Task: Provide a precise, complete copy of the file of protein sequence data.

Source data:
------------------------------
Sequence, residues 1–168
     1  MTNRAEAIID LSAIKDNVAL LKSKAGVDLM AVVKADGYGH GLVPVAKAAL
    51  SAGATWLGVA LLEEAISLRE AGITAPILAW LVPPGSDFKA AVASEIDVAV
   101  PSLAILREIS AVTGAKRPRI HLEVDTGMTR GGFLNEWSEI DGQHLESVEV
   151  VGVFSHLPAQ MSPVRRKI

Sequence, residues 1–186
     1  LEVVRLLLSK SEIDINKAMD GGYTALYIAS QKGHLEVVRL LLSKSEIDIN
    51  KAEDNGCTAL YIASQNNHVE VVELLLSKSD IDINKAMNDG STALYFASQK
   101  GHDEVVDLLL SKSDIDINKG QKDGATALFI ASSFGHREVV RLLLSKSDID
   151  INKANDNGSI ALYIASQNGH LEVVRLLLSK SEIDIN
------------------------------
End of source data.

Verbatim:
Sequence, residues 1–168
     1  MTNRAEAIID LSAIKDNVAL LKSKAGVDLM AVVKADGYGH GLVPVAKAAL
    51  SAGATWLGVA LLEEAISLRE AGITAPILAW LVPPGSDFKA AVASEIDVAV
   101  PSLAILREIS AVTGAKRPRI HLEVDTGMTR GGFLNEWSEI DGQHLESVEV
   151  VGVFSHLPAQ MSPVRRKI

Sequence, residues 1–186
     1  LEVVRLLLSK SEIDINKAMD GGYTALYIAS QKGHLEVVRL LLSKSEIDIN
    51  KAEDNGCTAL YIASQNNHVE VVELLLSKSD IDINKAMNDG STALYFASQK
   101  GHDEVVDLLL SKSDIDINKG QKDGATALFI ASSFGHREVV RLLLSKSDID
   151  INKANDNGSI ALYIASQNGH LEVVRLLLSK SEIDIN